>>>>>>> proposing?
>>>>>>> On Thu, 25 Jun 2015 at 15:27 Florian Bösch <pya...@gmail.com> wrote:
>>>>>>>> Surely you realize that if the specification where to state to only
>>>>>>>> "safely" expose data to the clipboard, this can only be interpreted to 
>>>>>>>> deny
>>>>>>>> any formats but those a UA can interprete and deem well-formed. If 
>>>>>>>> such a
>>>>>>>> thing where to be done, that would leave any user of the clipboard no
>>>>>>>> recourse but to resort to "application/octett-stream" and ignore any 
>>>>>>>> other
>>>>>>>> metadata as the merry magic header guessing game gets underway. For all
>>>>>>>> you'd have achieved was to muddle any meaning of the mime-type and 
>>>>>>>> forced
>>>>>>>> applications to work around an unenforceable restriction.
>>>>>>>> On Thu, Jun 25, 2015 at 3:21 PM, Wez <w...@google.com> wrote:
>>>>>>>>> And, again, I don't see what that has to do with whether the spec
>>>>>>>>> mandates that user agents let apps place JPEG, PNG or GIF directly on 
>>>>>>>>> the
>>>>>>>>> local system clipboard. The spec doesn't currently mandate OpenEXR be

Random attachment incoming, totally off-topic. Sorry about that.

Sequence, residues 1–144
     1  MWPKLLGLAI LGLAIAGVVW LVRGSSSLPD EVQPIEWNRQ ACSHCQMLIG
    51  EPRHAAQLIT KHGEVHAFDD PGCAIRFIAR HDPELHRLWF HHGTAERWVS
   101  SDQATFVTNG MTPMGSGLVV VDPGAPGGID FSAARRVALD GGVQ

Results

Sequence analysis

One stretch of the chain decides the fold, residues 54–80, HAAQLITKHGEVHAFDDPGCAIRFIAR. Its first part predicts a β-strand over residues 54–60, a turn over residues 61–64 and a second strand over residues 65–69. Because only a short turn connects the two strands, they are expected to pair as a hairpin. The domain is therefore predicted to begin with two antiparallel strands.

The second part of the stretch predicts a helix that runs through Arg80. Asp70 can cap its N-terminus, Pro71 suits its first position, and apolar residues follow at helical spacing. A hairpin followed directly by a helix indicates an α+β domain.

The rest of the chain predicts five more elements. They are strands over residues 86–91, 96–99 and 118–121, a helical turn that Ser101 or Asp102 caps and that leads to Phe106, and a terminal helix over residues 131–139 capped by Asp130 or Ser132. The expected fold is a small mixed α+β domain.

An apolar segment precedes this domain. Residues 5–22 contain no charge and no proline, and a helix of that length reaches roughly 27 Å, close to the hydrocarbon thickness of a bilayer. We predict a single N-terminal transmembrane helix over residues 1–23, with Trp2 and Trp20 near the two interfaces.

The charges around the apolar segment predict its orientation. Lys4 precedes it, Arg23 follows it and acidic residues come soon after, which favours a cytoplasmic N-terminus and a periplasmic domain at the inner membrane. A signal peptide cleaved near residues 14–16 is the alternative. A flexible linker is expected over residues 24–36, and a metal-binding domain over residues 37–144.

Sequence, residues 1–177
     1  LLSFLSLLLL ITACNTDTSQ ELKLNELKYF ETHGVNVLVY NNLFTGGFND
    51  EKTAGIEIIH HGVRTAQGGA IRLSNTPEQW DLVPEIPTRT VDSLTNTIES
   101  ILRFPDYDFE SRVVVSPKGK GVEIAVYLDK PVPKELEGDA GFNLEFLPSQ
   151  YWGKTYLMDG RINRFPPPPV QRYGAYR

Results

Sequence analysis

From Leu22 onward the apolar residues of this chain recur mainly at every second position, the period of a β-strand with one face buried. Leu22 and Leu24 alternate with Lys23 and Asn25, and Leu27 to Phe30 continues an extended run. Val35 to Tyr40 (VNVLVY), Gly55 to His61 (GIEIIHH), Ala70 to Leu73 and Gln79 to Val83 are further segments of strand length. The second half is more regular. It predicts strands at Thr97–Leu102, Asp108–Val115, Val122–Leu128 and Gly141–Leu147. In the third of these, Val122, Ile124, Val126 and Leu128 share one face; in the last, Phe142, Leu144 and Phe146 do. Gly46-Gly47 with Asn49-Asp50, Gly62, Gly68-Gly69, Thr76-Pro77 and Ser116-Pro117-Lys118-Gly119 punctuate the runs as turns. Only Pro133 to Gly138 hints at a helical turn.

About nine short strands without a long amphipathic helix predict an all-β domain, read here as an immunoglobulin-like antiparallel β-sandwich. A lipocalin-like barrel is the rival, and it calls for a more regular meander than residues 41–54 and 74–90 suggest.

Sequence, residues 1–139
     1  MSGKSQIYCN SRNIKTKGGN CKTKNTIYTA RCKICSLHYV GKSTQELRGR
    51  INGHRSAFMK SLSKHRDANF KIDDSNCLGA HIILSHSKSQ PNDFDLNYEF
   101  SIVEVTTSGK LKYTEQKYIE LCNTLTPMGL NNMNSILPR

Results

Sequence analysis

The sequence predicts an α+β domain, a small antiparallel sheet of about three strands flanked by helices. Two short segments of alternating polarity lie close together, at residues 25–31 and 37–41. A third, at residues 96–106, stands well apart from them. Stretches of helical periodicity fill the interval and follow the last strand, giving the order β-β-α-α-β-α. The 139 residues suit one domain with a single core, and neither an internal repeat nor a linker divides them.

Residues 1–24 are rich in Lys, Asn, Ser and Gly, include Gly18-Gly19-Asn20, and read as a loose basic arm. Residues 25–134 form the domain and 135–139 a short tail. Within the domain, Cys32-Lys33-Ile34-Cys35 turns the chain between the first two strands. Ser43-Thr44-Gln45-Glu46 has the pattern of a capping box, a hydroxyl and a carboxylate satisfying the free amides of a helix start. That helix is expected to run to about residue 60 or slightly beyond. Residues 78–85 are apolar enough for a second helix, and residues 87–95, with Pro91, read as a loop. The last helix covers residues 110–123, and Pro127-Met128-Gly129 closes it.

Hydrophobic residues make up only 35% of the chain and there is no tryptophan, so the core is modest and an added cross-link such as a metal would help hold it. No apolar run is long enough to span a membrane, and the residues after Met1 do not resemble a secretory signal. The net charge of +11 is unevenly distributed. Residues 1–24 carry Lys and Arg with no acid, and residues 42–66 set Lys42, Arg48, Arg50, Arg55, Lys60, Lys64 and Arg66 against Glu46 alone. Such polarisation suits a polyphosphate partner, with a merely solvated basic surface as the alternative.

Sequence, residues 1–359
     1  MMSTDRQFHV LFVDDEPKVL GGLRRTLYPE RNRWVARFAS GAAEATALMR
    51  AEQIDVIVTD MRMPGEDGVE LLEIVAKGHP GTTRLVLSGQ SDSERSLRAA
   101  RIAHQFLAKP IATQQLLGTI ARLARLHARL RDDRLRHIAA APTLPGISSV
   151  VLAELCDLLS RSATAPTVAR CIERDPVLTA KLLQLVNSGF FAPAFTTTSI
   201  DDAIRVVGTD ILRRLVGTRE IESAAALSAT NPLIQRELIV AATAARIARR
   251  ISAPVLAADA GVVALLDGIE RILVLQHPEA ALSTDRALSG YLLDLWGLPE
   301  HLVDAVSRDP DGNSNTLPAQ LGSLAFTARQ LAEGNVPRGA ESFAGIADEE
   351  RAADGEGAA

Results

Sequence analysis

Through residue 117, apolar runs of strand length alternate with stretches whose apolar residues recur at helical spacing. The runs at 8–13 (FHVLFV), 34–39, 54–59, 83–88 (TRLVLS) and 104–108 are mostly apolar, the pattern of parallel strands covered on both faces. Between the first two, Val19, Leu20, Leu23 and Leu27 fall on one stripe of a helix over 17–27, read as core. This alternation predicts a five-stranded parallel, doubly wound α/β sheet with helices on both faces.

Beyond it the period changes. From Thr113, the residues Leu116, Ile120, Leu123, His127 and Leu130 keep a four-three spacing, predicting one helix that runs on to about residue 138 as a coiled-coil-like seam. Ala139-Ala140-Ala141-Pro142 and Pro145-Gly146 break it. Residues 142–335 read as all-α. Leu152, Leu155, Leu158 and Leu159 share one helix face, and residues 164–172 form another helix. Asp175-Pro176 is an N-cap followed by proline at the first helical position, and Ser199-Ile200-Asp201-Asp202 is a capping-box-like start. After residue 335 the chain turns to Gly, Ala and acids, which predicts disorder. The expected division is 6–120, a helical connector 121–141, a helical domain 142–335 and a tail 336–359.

>>>>>>>>> supported, so it's currently up to individual user agents to decide 
>>>>>>>>> whether
>>>>>>>>> they can support that format safely.
>>>>>>>>> On Thu, 25 Jun 2015 at 14:16 Florian Bösch <pya...@gmail.com>
>>>>>>>>> wrote:
>>>>>>>>>> On Thu, Jun 25, 2015 at 3:13 PM, Wez <w...@google.com> wrote:
>>>>>>>>>>> I think there's obvious value in support for arbitrary
>>>>>>>>>>> content-specific formats, but IMO the spec should at least give 
>>>>>>>>>>> guidance on
>>>>>>>>>>> how to present the capability in a safe way.
>>>>>>>>>> Which is exactly the core of my question. If you intend to make
>>>>>>>>>> it say, safe to put OpenEXR into the clipboard (as opposed to 
>>>>>>>>>> letting an
>>>>>>>>>> app just put any bytes there), the UA has to understand OpenEXR. 
>>>>>>>>>> Since I
>>>>>>>>>> don't see how the UA can understand every conceivable format in 
>>>>>>>>>> existence
>>>>>>>>>> both future and past, I don't see how that should work.